If you’re a freelancer, you’re a business writer.
You might not be like me (a freelancer who sells their writing and content creation to businesses), but if you’re even tweeting about the freelance service you offer? Boom. You’re a business writer. If you’re feeling even a little out of place at that thought, know that business writing isn’t complicated and (IMO) is the easiest to learn.
It’s straightforward, goal oriented, and some of the highest paying (direct response for example), is mastered by people who write as simply as possible.
It’s also a really powerful tool in marketing your freelance business.
The best part is, getting started in business writing isn’t hard. Getting the habit of practicing just a little bit every week builds your skills quickly and does double duty keeping you on top of your freelance niche.
So if you’re not doing any business writing right now (or if you’re not confident at it), you’re going to want to work all the way through this post. These 3 points won’t just get you started, they’ll help you develop skills that will feed your content marketing and that can even be sold to other businesses who need strong communicators.
Start Summarizing News
This is a basic one that I recommend partly because it’s how I got started.
My first really good niche gig as a freelancer was writing 500-word articles for a trade magazine geared toward value-added resellers. It taught me 4 important lessons.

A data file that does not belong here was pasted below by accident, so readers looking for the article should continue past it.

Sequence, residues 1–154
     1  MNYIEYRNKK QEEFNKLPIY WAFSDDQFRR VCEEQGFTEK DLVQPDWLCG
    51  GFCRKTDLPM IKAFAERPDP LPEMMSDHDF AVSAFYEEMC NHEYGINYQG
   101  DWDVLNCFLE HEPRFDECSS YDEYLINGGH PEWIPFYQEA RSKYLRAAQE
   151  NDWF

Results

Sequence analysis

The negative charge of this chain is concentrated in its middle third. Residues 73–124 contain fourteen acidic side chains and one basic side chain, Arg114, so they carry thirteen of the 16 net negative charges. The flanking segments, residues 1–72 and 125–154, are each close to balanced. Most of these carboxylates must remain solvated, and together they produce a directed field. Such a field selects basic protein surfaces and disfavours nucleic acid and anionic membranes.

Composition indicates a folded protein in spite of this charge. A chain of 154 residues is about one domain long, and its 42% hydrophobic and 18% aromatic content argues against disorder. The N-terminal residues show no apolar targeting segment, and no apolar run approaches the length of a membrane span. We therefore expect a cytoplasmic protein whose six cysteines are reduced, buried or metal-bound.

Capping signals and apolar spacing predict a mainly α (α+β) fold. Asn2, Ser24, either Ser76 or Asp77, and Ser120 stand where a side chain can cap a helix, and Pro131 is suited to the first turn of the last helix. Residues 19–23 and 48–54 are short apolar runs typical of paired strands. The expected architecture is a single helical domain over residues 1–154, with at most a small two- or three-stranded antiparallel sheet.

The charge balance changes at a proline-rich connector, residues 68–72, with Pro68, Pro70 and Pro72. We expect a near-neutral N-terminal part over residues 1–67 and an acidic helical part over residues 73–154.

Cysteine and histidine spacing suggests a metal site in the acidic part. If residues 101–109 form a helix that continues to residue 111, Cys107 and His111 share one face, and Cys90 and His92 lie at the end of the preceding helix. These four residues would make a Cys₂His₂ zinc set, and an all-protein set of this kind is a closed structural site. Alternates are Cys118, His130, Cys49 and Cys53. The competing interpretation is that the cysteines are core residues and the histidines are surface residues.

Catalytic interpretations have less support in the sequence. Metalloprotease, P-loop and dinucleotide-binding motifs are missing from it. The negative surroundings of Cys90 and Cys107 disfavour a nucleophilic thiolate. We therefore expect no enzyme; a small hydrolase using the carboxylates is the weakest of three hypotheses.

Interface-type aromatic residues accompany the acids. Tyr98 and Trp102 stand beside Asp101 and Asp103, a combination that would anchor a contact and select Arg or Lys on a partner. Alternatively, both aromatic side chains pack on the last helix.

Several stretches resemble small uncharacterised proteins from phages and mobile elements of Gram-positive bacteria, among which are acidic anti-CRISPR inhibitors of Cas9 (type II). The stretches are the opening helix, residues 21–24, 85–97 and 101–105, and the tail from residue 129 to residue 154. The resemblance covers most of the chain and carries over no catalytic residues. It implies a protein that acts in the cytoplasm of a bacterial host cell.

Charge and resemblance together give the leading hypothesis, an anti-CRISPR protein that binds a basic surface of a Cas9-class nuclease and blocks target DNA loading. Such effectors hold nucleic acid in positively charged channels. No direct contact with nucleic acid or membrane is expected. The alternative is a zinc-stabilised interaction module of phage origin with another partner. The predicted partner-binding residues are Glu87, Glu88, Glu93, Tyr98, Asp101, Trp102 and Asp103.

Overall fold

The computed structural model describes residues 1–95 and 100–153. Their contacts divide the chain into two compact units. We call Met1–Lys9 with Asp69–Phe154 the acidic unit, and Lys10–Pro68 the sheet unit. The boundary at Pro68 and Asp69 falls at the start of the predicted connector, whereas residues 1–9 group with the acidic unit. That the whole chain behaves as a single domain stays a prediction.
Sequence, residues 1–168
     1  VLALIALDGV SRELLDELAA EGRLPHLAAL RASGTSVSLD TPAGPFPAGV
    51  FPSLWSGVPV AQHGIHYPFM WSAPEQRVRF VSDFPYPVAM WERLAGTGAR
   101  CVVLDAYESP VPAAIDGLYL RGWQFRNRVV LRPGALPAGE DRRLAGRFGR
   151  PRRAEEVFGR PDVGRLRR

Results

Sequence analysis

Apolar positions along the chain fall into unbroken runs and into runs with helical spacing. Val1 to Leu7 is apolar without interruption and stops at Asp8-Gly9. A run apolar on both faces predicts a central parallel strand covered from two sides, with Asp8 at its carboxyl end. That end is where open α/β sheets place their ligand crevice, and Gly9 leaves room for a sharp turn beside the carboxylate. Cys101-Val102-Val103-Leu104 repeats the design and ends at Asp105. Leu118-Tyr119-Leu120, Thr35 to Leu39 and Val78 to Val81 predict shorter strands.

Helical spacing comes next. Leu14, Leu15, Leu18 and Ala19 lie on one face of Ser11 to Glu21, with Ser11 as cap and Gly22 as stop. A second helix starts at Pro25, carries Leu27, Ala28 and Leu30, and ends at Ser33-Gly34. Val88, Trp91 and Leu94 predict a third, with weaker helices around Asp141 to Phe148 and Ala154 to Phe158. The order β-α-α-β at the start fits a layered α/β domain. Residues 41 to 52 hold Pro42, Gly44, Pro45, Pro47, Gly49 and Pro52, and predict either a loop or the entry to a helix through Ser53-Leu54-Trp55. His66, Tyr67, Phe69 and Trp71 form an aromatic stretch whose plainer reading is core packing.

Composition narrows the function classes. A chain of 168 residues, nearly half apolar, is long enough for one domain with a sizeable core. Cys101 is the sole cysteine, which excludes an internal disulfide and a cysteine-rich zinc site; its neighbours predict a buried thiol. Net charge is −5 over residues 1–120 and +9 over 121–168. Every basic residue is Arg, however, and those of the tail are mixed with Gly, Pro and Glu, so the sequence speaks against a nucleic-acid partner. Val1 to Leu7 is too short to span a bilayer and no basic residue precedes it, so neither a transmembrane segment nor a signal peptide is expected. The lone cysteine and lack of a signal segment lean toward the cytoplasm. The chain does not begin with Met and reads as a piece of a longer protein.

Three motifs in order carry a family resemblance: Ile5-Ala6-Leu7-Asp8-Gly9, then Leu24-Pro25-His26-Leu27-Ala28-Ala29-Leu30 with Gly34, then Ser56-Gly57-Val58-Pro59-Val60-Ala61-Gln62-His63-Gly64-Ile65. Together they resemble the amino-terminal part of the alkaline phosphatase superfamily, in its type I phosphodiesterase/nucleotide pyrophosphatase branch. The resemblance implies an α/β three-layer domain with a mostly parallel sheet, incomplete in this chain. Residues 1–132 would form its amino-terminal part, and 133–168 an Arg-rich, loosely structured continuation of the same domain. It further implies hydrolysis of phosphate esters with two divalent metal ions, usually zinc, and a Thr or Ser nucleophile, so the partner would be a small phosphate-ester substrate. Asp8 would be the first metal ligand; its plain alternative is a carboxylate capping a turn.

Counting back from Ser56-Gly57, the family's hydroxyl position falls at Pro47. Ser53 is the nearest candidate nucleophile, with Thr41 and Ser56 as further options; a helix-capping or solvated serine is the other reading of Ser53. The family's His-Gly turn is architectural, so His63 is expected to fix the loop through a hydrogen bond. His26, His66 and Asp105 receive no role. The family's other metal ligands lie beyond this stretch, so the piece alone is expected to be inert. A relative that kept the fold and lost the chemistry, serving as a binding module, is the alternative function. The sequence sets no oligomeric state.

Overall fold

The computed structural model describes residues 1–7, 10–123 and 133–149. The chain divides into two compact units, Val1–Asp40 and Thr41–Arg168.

- Business writers, even super-specialized ones often had NO experience or education in their niche. They were just willing to stick their necks out in obscure places where competition was low.
- My niche had WAY more prospects in it that I ever imagined.
- A lot of business writing is simply re-packaging ideas with a specific reader in mind.
- Keeping up with the news your clients read is the trick to understanding your niche.
I wasn’t new to trade magazines, but getting to be a part of how they’re made showed me exactly how much mystery there isn’t in most business content. My job basically consisted of taking a list of topics, searching for news, surveys, and reports on them every week, shooting them over to my editor, and summarizing the points that resellers would care about (while giving credit to the original source).
That was it.
It didn’t pay a lot, but it was consistent, got me some bylines and niche cred, and most importantly, got me used to writing on business as a habit. To this day, if I need material for a blog or even a client, I’ll sometimes use the same approach.
People need news and insight and even if something’s been said before, simply having it restated in a way that’s customized to their interests can be really valuable.
I suggest you try something similar for your freelance web presence, even if it’s only for a couple of months.
Try writing short (I mean under 500-word) summaries of articles in your niche and eventually step up to researching and combining multiple articles on a topic that you choose to synthesize something new.
Bonus: Keep it up and you’ve got material for your blog, LinkedIn posts, or freelance newsletter you use to nurture leads.
What’s that look like?
Here’s one example, but any trade mag in your niche likely has something similar.
Focus on Takeaways
Outlines are magic in business writing.
I use them for myself, but I also send them to clients for approval before I start work on a piece to avoid re-writes and make sure everybody’s on the same page. Here’s the thing though. There’s a step that comes even before that, and that’s figuring out what you want a reader to walk away with.